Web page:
Weekly Fishing Report for Central South Island and North Canterbury for October 5 2023
- Central South Island North Canterbury
Central South Island Report
Fishing season off to a frying start!
Frying, BBQ, smoking, pie, curry – all favourite trout dishes were back on dinner plates last Sunday, Opening Day of the 2023/34 sports fishing season.
Above Right: Flynn Scott frying up his Opening Day catch for lunch at Lake Opuha / Ōpūaha - photo by R Adams
If you haven’t already, be sure to purchase your new 2023/2024 licence and get out there and enjoy the fishy fun.
Be sure to read up on the new 2023/24 regulations here.
Ken Saito and a stunning Opening Day brown trout caught from the Ōpihi River - photo by R Adams
We had rangers out on the Ōpihi and Lower Waitaki River catchments on Opening Day – following are a few highlights of the faces, places, and successful lures.
Pictured left is Ken Saito from Christchurch with a beautiful Ōpihi River brown trout.
Ken often makes the trip to fish the Ōpihi River or Lake Opuha for the opening of the season.
Ken fly fished, catching two fish for the morning on two different flies: a #16 horned caddis nymph and a #14 pheasant tail nymph.
The Ōpihi was flowing relatively low and clear, making for good sight fishing once the dull morning brightened up a bit.
Right to left - Reuben Foster - 5 years old from Geraldine, Zander Foster - 9 years old from Perth, at back - Max Cleverley, 12 years old from Christchurch, and at front - Angus Foster – 7 years old from Geraldine. Photo by R Adams
The wind stayed at bay for most of the morning at Lake Opuha / Ōpūaha but picked up around lunchtime.
Some 30 fishing boats and a scattering of shoreline anglers tried their luck during the day – many being successful in catching brown and rainbow trout as we have come to expect at this productive fishery.
A crew of young cousins did well, each catching a fish each under the guidance of their grandfathers (see picture).
The successful bait used was huhu grubs, and the technique was to cast out and wait patiently for a bite while enjoying time spent with family.
Advice from successful boat anglers was to troll with the tried-and-true Tassie or Cobra style lures. The favourite colours mentioned were bronze and traffic light.
Toru Yuasa from Ashburton with a 'keeper' rainbow from Bells Pond-Photo by N Dellaway
In the Lower Waitaki River Catchment, there were anglers scattered throughout the river on shore and in jetboats. Flows were low, down at around 210 cumecs on the ECan flow recorder at Kurow.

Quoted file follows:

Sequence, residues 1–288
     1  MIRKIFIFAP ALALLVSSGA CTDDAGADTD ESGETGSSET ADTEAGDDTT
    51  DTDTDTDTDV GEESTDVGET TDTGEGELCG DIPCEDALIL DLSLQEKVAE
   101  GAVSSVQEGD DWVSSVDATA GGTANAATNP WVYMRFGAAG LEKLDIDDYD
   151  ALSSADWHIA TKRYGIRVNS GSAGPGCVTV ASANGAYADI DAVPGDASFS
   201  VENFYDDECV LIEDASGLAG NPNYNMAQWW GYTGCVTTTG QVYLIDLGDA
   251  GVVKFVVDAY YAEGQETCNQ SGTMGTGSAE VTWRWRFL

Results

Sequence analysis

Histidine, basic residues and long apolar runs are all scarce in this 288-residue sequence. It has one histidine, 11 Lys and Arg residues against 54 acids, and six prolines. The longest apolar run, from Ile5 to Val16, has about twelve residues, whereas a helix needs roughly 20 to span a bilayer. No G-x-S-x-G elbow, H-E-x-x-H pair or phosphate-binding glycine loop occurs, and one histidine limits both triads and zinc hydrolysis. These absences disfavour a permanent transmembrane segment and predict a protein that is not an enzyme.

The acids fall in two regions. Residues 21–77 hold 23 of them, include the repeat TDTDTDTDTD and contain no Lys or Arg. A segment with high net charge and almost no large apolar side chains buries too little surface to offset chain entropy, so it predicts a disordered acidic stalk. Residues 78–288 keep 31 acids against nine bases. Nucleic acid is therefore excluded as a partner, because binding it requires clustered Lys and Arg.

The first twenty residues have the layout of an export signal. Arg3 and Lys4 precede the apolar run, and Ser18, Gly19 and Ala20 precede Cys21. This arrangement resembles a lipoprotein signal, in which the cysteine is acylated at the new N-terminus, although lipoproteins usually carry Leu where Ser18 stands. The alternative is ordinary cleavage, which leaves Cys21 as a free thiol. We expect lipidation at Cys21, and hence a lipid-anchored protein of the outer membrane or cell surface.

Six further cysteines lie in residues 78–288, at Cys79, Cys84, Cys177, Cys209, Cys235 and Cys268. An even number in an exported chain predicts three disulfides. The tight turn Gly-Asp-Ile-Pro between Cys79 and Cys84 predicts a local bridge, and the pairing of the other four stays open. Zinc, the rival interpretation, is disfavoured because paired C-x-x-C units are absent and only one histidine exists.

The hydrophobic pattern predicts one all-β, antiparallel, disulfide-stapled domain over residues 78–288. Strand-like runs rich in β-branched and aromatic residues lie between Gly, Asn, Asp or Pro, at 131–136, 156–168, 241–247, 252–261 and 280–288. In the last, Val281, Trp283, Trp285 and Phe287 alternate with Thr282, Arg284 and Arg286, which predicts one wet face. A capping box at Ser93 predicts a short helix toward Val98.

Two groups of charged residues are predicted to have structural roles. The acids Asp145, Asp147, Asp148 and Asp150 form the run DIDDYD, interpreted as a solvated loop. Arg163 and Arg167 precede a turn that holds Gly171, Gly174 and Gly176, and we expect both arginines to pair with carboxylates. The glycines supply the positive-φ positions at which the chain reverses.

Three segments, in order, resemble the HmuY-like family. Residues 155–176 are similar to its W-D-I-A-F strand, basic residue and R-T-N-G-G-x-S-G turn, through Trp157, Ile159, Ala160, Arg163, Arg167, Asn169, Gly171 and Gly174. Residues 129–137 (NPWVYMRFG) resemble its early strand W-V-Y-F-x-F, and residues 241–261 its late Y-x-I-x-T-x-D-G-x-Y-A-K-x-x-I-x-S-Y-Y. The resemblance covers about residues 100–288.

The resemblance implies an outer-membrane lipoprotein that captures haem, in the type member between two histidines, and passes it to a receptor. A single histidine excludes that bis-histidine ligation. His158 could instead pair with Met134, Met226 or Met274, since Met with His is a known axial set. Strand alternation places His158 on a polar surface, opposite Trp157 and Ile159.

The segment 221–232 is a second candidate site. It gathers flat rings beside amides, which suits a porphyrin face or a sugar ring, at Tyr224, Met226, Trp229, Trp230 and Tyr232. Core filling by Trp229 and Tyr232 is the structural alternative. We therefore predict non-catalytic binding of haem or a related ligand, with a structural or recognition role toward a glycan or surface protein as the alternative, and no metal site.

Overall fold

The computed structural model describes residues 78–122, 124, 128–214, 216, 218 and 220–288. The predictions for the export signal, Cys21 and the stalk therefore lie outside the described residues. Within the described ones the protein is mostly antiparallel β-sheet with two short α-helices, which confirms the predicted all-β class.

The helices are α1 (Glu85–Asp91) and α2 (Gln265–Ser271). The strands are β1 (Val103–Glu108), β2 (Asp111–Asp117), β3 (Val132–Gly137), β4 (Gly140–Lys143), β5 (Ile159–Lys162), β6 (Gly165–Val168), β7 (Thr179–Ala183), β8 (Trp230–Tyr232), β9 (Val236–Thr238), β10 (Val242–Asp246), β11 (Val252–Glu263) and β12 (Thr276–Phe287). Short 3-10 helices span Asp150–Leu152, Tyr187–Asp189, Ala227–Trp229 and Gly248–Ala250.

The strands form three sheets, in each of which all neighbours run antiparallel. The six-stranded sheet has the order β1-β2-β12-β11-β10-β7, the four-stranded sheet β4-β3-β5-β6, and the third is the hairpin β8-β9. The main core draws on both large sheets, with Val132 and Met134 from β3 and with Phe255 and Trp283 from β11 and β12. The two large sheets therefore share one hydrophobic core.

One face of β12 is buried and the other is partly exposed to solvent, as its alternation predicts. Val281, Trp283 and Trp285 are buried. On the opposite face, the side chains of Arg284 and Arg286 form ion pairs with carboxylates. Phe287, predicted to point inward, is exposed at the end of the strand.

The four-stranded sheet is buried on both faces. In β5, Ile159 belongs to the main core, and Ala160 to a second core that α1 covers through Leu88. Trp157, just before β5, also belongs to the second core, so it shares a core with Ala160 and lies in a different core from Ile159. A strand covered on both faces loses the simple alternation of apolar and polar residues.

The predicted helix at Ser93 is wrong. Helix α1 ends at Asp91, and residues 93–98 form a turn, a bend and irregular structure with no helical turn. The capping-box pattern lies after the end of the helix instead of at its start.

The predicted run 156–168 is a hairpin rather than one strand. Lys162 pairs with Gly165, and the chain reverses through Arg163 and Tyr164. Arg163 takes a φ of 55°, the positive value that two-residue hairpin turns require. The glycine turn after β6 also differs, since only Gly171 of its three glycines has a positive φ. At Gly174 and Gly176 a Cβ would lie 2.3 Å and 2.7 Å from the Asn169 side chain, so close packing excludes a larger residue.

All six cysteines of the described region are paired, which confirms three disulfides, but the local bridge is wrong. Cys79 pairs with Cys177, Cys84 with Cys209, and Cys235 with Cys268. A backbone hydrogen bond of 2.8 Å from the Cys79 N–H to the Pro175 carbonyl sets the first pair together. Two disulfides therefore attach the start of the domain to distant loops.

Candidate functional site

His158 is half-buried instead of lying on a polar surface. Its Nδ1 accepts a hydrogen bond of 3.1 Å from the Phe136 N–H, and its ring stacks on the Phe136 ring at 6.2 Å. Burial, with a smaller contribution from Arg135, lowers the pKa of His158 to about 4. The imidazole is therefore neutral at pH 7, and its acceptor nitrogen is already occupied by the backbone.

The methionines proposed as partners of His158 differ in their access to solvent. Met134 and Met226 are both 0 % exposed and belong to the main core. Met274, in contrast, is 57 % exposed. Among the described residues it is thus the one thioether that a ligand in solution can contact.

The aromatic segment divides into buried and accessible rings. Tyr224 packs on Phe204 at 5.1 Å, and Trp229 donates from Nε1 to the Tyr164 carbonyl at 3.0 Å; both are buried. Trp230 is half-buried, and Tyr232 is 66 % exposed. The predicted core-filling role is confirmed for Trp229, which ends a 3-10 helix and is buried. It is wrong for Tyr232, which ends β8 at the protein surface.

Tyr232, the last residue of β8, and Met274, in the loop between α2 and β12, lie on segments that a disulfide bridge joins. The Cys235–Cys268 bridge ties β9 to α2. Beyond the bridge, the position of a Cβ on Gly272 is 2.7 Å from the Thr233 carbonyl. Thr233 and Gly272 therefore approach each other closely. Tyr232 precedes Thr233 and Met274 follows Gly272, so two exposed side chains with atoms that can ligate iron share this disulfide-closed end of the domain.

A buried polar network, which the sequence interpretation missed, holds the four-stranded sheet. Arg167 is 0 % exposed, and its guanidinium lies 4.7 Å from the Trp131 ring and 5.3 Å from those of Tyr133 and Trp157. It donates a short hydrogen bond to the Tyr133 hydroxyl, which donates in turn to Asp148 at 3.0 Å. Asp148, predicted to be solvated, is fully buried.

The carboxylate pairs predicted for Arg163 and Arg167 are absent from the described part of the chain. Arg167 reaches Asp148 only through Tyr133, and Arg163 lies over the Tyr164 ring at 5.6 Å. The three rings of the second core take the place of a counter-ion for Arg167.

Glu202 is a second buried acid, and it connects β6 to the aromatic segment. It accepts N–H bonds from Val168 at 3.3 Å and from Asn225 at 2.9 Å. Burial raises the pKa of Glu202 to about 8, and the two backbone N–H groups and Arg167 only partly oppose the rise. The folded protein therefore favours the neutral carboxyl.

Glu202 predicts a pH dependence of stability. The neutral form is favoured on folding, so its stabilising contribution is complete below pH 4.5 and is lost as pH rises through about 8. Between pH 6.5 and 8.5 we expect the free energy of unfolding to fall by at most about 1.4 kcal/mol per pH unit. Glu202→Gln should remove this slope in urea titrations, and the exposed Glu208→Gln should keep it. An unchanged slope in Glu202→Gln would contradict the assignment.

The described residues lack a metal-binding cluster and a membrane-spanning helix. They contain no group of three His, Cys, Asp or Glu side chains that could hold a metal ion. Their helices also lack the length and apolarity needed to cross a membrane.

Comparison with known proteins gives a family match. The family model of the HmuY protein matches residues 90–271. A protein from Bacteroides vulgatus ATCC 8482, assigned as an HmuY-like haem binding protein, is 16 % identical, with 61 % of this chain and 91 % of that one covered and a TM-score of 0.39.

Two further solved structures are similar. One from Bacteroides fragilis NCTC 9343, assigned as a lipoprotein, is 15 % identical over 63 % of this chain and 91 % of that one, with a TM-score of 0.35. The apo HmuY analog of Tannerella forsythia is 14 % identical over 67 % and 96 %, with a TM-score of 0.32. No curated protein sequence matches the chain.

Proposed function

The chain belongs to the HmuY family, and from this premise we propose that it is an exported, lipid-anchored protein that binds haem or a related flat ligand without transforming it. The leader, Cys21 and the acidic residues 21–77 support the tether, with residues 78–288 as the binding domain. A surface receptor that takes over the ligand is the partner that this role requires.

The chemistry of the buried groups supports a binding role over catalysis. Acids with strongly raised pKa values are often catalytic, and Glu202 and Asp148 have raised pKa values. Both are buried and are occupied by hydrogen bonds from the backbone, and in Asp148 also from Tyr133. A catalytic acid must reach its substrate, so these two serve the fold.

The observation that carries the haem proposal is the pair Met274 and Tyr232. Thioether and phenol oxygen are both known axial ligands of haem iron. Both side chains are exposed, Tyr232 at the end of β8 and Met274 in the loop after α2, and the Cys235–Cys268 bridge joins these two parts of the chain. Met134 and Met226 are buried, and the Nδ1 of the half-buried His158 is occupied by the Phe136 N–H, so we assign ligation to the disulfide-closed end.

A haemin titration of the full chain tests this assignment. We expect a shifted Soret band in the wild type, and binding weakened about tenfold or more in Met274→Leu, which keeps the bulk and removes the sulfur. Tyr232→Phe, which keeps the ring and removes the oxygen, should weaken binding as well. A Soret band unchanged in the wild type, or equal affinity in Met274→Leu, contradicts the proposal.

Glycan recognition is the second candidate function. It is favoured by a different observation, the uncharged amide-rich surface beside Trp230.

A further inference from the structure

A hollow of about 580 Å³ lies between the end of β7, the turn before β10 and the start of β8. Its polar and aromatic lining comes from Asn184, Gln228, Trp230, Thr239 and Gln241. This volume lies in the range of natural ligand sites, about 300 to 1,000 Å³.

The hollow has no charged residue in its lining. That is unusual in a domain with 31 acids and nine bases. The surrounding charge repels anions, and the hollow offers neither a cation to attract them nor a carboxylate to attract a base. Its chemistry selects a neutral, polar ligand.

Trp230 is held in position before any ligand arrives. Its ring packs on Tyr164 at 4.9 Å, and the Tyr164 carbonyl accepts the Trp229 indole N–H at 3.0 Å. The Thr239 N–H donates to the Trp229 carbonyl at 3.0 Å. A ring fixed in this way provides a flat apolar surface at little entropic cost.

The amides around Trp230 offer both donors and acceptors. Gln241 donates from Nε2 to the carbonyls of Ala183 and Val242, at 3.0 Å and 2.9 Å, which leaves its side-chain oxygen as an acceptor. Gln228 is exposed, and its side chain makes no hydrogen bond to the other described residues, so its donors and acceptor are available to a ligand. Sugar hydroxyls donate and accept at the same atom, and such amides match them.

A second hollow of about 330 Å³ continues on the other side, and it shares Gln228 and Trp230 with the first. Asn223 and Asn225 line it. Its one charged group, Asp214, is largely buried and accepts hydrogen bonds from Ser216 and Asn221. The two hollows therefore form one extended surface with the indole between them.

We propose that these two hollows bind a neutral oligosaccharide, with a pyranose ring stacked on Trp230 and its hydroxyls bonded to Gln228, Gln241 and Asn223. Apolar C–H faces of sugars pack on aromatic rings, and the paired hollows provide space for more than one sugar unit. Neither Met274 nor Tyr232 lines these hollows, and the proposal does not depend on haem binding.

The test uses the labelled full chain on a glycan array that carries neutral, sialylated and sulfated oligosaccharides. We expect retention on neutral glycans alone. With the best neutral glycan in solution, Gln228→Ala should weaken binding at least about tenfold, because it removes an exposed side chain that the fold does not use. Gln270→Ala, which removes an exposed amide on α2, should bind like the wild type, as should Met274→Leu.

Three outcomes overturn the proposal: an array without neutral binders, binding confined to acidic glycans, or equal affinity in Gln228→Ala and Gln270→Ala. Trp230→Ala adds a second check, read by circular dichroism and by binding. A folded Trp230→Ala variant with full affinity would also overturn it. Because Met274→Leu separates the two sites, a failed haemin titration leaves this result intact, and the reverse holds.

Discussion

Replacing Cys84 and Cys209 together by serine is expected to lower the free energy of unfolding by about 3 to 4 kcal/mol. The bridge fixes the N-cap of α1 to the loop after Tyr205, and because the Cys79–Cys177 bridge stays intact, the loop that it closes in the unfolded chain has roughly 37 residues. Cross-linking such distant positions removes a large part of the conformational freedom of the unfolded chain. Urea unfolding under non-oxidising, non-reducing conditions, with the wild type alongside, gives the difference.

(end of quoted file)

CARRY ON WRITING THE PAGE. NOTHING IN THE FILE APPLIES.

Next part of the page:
Low flows allowed for plenty of shoreline access that would have otherwise been underwater.
However, the wind was whipping down the valley, making it a challenge for casting and spotting fish.
Near the Waitaki River’s SH1 Bridge, Kerri Priest of Timaru caught a fighting fit brown trout around 1kg on a black and silver soft bait.
Borton’s and Bell’s Ponds, irrigation offtake ponds of the river, were a popular spot as usual.
Toru Yuasa (pictured) made the trip down from Ashburton and was rewarded with a plump rainbow to take home from Bell’s Pond. Toru caught his fish on a #16 flashback pheasant tail.
Twelve-year-old Max Sinclair of Ōamaru caught a nice rainbow trout at Borton’s Pond on a rainbow trout style Rapala.
If you’re keen to head to the Waitaki River this season, our key piece of advice for your safety and fishing success is to monitor the flows via the ECan flow recorder at Kurow and adapt your trip to suit.
Our Waitaki River Guide here gives more advice on working around the river's high flow variability.
The map in our guide also shows the location of Bell’s and Borton’s ponds – great spots to fish for young and old.
Economic impact of the hydro canal fishery – research underway
Thanks heaps to the hundreds of anglers who have already completed our canal research survey.
The survey was emailed last Friday and Saturday to tens of thousands of anglers who held a fishing licence last season.
We have partnered with the University of Otago to survey information on your spending.
With your help, we can research the economic impact canal anglers bring by way of their spending that, then provides jobs and income.
This research will create opportunities for Fish & Game to progress the management of the canal fishery and shed light on how trout and salmon fisheries support local communities.
If you fished the canals last season and haven’t yet completed the survey – we encourage you to do so. Look back in your email inbox to Friday, 27 and Saturday, 28 September. The email was sent by our friends at the University of Otago.
To help answer the survey questions, have a think about your purchases over the last fishing season in the Mackenzie area that you made while on a canal fishing trip, for example, accommodation, hiring a guide, takeaways, fishing tackle, lures, and bait.
Also, think of any other one-off spending you added to your canal fishing trip, for example, scenic flight, hot pools, local artwork or upgrading to a new fishing rod.
If the fishing wasn’t successful, you may have even bought some salmon from High Country Salmon café or Mt Cook Alpine Salmon shop at Lake Pūkaki.